Therefore, the first part of the work will consist of the following stages: cow’s milk (which sometimes is added goat’s milk or sheep to make the taste of the cheese derived spicier ) , from two milkings ( the evening one more than the morning ) , may be added in the amount considered optimal , liquid rennet , after heating the mass to a temperature of 27-30 degrees centigrade.  During heating, you must take care to continuously stir the milk and keep it stirred so that the heat is better distributed within the mass itself. Reached the optimum temperature and added the liquid rennet , the product is left to rest for about 20 minutes , half an hour , keeping the vessel that contains it covered with a canvas cloth or wool adapted to prevent any dispersion of heat. Is obtained so that the curd is then broken with a spatula (called ” spanuira ” ) , secondly, for at least five minutes we proceed to whisk with a thorn wood characteristic shape of said ” sbatarela ” (derived from the manipulation of the tip of a fir ) and finally arranges for the collection of curds separate from the whey (called the “prod ” ) with slow circular movements. This curd , well separated from the whey is collected in a canvas called ” curuira ” from which it can drain , and after about ten minutes , all the while wrapped in the cloth , is put into wooden forms cylindrical with a diameter of 35 – 40 cm. ( the so-called ” fascele ” ) having holes in the board acts to the passage of any serum still present and then loaded with weights to facilitate bleeding . After about ten minutes, open the ” fascele ” and the curd is kneaded with the hands sminuzzandola finely ; After that , harvest the product again in the ” curuira ” and later in ” fascela ” , puts weight below where you will stay for at least 12 hours . Hence it is removed as a finished product , ready for salting and seasoning .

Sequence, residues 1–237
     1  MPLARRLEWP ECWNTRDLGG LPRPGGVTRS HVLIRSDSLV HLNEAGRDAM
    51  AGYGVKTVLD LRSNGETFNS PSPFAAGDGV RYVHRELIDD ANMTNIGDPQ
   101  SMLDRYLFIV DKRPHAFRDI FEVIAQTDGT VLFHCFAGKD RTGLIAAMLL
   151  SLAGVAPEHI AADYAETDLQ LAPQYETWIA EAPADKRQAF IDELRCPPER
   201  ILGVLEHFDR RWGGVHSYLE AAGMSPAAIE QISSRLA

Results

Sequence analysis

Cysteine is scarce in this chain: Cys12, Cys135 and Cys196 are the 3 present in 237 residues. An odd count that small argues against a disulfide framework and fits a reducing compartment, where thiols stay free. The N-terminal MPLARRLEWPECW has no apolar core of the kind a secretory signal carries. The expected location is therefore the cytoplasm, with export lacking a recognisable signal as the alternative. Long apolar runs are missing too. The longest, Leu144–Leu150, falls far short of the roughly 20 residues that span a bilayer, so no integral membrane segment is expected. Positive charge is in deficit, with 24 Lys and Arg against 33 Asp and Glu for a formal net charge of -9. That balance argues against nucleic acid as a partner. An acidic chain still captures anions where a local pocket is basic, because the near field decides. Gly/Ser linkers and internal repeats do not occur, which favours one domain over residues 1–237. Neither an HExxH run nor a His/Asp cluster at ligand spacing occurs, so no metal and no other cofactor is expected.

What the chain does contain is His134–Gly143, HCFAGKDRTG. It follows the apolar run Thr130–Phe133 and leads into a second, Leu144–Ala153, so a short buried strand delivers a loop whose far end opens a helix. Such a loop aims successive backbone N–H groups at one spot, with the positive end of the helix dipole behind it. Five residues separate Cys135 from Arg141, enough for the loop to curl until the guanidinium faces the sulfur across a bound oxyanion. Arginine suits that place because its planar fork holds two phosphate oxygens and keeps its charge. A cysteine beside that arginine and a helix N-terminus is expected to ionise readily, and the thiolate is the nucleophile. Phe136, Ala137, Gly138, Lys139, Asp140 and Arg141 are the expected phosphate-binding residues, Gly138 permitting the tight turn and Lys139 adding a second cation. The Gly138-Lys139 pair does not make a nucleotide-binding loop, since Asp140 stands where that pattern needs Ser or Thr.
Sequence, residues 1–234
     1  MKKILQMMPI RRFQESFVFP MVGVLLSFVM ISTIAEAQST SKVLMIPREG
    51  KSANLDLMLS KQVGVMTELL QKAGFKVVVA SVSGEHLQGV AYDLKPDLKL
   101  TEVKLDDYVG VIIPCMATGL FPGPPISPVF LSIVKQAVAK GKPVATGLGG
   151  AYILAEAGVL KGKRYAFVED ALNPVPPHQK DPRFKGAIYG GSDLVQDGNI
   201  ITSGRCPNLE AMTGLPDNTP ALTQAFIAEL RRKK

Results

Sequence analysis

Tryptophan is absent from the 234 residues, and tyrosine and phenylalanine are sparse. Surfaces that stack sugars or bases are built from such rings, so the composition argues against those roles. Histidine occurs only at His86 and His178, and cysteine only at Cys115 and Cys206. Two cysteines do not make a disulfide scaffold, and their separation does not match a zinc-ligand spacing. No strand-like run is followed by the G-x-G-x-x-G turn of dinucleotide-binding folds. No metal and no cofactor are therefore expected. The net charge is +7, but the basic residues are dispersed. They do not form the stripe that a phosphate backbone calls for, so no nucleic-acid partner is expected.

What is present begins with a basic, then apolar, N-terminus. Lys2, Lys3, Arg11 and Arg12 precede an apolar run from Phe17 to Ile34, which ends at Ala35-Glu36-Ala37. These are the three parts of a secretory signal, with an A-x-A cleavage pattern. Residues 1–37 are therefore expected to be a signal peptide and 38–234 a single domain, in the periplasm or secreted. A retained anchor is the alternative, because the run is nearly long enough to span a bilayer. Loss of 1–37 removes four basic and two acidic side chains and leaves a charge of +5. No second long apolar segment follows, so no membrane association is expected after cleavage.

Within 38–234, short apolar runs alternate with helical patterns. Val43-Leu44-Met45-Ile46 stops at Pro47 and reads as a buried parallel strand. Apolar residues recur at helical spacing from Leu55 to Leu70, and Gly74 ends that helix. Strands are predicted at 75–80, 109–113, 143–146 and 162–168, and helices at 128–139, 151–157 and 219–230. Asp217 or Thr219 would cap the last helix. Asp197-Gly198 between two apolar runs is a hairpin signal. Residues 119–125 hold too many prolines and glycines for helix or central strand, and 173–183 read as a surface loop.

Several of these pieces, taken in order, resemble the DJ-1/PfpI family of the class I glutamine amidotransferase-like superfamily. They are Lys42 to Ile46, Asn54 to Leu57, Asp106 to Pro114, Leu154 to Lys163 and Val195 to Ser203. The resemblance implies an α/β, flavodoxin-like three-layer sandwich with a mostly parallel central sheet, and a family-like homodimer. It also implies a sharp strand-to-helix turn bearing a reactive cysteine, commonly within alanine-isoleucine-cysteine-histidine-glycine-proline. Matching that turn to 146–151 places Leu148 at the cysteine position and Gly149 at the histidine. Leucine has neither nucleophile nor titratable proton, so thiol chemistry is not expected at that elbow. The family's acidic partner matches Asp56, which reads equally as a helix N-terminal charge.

Salting , as a rule , is carried out first on the top face of the form as soon as removed from the press and with coarse salt for about 24 hours , and thereafter turned the form, for a day or two, on the other side and always bare and dry with coarse salt.

After salting, you start the round shape to the seasoning that will be accomplished in suitable premises , which can be , depending on the place where you work , two different types :
* If you are in pasture , the place of seasoning called ” saddle ” consists of a restaurant is housed in the ground, the roof of which is nothing more than a small vault in turn covered with earth , precisely for these its characteristics, allows a constant temperature equal to the average of that year ( as happens in natural caves ) and , very importantly , determines a constant humidity and optimal for the complete maturation of the cheese and for the development of molds red characteristics on the crust of the same .

* If you are in the company of the valley or plain , the place is nothing but a maturing cellar reproducing as closely as possible, the characteristics of temperature and humidity before mentioned for the ” saddles ” .
In both local cheese ripening will be laid on wooden boards and cleaned and brushed on the crust that gradually take over the texture, color and smell typical of seasoned cheese RASCHERA .